NU Online News Service, Nov. 9, 2004, 5:05 p.m. EST
Retirees seem to be a lot more confident about federal retirement programs than working Americans are.[@@]
The Allstate Corp., Northbrook, Ill., has published figures supporting that conclusion in a summary of results of a survey conducted by an outside polling firm.
Researchers called 1,604 U.S. residents born between 1946 and 1978 and annual household incomes of at least $35,000. They also called a separate sample of retirees with annual household incomes of at least $20,000.
The researchers found that only 35% of the retirees and only 16% of the workers said they were “very prepared” financially to stop working.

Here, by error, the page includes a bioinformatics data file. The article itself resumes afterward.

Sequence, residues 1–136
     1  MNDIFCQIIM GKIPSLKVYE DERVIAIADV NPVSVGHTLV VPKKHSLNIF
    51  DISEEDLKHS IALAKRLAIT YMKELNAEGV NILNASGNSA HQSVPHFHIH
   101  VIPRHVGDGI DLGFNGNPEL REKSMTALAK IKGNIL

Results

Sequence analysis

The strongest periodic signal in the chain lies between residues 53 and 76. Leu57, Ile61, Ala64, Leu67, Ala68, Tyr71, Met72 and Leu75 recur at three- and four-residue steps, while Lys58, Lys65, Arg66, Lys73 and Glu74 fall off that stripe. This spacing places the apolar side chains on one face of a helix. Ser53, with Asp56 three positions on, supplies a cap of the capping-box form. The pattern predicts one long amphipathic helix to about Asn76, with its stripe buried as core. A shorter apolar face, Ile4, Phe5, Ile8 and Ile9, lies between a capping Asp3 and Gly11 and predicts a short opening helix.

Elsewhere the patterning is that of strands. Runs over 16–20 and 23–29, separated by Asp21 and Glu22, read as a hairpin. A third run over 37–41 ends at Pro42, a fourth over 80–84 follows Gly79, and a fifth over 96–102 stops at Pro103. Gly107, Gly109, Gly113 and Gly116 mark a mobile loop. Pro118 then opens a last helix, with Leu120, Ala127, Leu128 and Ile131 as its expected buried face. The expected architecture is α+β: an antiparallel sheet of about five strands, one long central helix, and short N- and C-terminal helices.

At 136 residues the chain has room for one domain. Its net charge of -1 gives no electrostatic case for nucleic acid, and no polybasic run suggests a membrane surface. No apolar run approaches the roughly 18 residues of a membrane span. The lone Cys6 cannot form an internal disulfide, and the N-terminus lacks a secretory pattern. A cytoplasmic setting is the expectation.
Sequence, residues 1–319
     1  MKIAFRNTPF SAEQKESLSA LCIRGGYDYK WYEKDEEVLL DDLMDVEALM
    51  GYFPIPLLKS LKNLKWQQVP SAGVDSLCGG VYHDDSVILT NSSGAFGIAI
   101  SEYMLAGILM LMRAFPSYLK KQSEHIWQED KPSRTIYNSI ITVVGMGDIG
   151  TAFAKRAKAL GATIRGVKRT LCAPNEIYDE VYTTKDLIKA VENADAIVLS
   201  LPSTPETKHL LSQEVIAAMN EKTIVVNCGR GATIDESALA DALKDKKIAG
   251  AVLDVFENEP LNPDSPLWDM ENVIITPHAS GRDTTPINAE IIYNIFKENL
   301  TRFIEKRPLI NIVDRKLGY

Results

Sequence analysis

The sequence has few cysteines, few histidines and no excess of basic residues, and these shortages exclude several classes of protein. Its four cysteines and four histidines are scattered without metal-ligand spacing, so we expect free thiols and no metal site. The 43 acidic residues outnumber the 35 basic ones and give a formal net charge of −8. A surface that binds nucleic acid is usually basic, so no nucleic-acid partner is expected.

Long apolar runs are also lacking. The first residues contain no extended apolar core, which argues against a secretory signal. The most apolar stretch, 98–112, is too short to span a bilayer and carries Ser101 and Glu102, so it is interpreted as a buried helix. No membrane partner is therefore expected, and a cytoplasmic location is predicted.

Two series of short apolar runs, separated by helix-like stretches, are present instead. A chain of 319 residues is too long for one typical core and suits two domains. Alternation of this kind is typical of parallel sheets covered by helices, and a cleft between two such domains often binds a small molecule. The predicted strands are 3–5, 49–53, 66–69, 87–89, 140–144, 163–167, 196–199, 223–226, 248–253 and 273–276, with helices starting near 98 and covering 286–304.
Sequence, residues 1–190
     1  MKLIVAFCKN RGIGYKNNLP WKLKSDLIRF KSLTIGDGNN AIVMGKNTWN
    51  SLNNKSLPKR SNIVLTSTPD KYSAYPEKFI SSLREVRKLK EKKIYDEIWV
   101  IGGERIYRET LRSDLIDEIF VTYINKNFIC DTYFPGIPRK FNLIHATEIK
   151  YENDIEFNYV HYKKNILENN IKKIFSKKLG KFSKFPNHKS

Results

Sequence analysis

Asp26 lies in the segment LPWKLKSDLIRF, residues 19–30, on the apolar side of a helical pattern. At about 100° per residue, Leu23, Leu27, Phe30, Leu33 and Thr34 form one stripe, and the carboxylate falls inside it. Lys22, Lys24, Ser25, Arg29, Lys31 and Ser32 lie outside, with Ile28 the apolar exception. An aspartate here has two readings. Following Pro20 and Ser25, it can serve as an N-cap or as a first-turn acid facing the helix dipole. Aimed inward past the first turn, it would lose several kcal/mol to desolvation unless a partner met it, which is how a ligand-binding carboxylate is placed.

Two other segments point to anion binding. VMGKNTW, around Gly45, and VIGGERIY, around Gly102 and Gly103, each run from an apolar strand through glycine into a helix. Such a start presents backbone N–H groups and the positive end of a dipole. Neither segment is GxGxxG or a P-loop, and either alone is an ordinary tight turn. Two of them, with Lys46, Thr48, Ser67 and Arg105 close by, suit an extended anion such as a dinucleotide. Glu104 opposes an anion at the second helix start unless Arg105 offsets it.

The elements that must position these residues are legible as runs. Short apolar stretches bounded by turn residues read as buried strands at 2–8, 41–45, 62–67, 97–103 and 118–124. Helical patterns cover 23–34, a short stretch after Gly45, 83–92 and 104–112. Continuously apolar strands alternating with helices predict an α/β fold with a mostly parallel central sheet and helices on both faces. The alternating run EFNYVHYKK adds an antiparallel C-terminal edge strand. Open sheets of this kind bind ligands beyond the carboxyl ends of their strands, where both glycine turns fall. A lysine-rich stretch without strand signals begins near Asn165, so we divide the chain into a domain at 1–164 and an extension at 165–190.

Only 8% of the retirees said they have had to take a job for the health insurance benefits, and only 28% of the retirees said they’ve had to work after retiring to make ends meet.
About 44% of working Americans expect to have to work after retirement to make ends meet, and 45% believe they’ll need to look for a job to help pay for health insurance benefits.
But the retirees might be feeling more relaxed partly because they have more faith in the future of the Social Security and Medicare programs.
Only 28% of the workers expect the federal government to keep Social Security going long enough to meet their needs, and only 32% expect the federal government to save Medicare.
Meanwhile, 45% of the retirees expect Social Security to survive long enough to meet their needs and 46% expect Medicare to continue to meet their needs.